Running the Numbers: The Roller Coaster That Is Apple

by: Valuecruncher

It has been a crazy 15 months for the Apple (NASDAQ:AAPL) share price. On the 22 August 2008 AAPL was trading at $176.79. By 16 January 2009 AAPL had dropped to $82.33 - down over half (53% down) in under five months. Today AAPL closed at $190.01 - up over 130% in under nine months. The graph below shows the closing prices over the period. So what do we think about AAPL?

Valuecruncher Interactive Analysts Report For Apple (AAPL)

We have the comparative group set as Microsoft (NASDAQ:MSFT), IBM, Google (NASDAQ:GOOG) and Hewlett-Packard (NYSE:HPQ). You can change these peer companies on the site. For example you could add:

  1. Research In Motion (RIMM) - Interactive Analyst Report For $RIM
  2. Palm (PALM) - Interactive Analyst Report For $PALM
  3. Qualcomm (NASDAQ:QCOM) - Interactive Analyst Report For $QCOM

So what do we think?

Discounted Cash Flow Valuation

We have completed a discounted cash flow valuation using our interactive tools (there is a “discounted cash flow analysis” link just under the company name on the company page). We have populated our model with a mixture of consensus analyst estimates and Valuecruncher estimates. Our analysis produces a valuation of US$176.16 for AAPL - 7.3% below the current share price. We see AAPL overvalued at the moment. But how about compared to a peer group?

Comparison Analysis

I changed the peer group companies to IBM, RIMM, PALM and QCOM. I am going to look at two of the metrics we use at Valuecruncher - Enterprise Value ((NYSE:EV))/Revenue and EV/EBITDA. Enterprise Value (EV) is simply market capitalization plus net debt [long-term borrowings less cash]. We use EV to capture the impact of debt and cash on a company’s balance sheet - market capitalization doesn’t capture different capital structures when comparing companies.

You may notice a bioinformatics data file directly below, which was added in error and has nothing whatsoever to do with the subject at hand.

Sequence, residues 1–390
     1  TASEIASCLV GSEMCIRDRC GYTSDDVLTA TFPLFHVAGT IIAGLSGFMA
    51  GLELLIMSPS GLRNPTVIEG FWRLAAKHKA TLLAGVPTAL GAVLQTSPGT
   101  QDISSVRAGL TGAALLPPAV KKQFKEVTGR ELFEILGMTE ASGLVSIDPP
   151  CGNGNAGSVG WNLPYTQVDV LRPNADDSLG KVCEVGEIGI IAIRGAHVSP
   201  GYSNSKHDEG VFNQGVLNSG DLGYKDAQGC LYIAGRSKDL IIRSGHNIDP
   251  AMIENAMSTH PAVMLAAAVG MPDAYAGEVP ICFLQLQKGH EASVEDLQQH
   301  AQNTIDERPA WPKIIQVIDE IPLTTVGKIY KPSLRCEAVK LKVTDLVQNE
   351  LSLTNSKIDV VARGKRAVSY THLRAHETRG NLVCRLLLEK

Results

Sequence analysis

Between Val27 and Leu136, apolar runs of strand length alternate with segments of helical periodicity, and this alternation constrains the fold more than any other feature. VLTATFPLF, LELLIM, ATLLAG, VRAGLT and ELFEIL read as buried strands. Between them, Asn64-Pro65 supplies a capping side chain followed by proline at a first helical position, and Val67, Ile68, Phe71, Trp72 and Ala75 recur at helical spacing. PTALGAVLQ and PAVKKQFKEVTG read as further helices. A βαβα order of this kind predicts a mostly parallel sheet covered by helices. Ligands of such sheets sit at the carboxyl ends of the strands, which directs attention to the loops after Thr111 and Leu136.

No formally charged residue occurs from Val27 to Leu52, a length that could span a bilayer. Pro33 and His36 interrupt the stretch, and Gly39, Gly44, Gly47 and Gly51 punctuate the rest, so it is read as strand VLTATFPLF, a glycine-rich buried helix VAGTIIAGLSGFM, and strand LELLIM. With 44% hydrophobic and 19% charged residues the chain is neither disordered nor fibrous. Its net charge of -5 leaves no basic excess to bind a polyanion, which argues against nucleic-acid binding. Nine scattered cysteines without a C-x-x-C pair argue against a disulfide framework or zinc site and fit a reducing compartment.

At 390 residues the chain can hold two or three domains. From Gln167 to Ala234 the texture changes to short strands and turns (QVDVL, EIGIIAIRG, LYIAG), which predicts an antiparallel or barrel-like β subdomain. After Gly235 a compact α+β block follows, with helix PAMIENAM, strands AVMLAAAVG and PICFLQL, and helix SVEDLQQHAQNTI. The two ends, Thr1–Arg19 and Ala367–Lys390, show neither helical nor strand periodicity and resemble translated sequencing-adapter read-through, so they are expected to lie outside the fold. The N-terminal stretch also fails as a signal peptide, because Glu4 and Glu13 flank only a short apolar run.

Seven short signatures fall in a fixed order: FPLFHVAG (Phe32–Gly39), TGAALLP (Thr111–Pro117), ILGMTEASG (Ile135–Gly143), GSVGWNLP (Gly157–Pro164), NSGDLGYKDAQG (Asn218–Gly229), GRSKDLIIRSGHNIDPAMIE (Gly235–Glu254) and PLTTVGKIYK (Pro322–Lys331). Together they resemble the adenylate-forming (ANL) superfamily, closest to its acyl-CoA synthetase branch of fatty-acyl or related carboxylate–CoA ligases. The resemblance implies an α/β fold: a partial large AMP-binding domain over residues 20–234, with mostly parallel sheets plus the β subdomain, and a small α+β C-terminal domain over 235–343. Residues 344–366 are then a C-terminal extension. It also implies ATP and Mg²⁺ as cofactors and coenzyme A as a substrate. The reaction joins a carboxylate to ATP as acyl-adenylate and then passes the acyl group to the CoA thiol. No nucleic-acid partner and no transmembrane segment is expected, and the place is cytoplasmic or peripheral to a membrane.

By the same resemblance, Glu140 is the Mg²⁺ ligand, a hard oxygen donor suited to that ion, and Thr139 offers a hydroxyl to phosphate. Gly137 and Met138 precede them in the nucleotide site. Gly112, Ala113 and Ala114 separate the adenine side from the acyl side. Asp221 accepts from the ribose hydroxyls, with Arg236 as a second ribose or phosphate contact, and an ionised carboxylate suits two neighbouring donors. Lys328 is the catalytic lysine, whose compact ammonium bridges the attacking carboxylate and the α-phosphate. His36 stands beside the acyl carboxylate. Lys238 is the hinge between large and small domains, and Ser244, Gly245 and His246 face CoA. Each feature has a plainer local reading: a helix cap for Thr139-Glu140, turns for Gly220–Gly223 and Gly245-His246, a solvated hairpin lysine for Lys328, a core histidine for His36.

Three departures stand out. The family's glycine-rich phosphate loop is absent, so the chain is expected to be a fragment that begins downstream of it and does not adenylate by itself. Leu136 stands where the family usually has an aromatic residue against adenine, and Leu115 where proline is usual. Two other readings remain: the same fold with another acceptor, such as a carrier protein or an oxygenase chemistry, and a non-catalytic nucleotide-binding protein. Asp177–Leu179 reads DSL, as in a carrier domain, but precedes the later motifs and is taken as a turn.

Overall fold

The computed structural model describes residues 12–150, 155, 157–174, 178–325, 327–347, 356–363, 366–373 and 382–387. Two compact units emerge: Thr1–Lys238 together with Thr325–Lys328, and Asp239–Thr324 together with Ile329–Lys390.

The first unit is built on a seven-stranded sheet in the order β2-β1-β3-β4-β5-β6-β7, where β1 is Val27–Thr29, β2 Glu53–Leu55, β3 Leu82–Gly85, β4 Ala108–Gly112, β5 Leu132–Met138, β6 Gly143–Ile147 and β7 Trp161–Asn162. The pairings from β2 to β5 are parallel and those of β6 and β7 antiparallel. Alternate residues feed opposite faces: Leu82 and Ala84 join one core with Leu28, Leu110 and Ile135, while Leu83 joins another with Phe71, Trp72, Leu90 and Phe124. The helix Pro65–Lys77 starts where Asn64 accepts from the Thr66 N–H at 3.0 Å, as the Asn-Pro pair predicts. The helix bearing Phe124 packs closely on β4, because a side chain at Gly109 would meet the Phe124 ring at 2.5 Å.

EV/Revenue shows how a dollar or revenues is being valued by the market against the comparator set. On an EV/Revenue basis AAPL is trading at 4.5x (AAPL is being valued at 4.5x last year’s revenues). This compares to IBM at 1.7x, RIMM at 3.5x, PALM at 3.4x and QCOM at 5.8x. AAPL’s profit margins (at the EBITDA line) are 20.9% of revenues. A dollar of AAPL revenues is being valued more than a dollar of RIMM revenues - despite that dollar of revenues producing less profit (on an EBITDA basis) than the RIMM revenues. A dollar of AAPL revenues is being valued less than a dollar of QCOM revenues - but QCOM produces nearly twice the profit (on an EBITDA basis) as $AAPL. We would expect the difference between the multiples for QCOM and AAPL to be larger - in QCOM’s favour. There are some big growth expectations for AAPL - on an EV/Revenue basis there appears to be a premium being paid for AAPL against the peer group.

If we lower the AAPL EV/Revenue multiple to 3.75x (a slight premium to RIMM) then this gives a share price of $163.30 - 14% below the current share price.


EV/EBITDA shows how a dollar of profit (measured in as Earnings Before Interest Taxes Depreciation and Amortization) is being valued by the market against the comparator set. On an EV/EBITDA basis AAPL is trading at 21.51x (AAPL is being valued at 21.5x last year’s profit at the EBITDA line). A dollar of AAPL EBITDA is worth more than double a dollar of IBM, RIMM or QCOM EBITDA (PALM is losing money at the EBITDA line).

If we lower the AAPL EV/EBITDA multiple to 17.5x (a slight premium to QCOM) then this gives a share price of $160.06 - 16% below the current share price.



Based on our DCF valuation - AAPL looks overvalued. Looking at some comparators - the market is valuing AAPL highly compared to some peers. We believe if you are investing in AAPL at the current price - you are paying a full price and there are cheaper options available. We do recognize that there are a lot of AAPL fans out there however.

Disclosure: No positions

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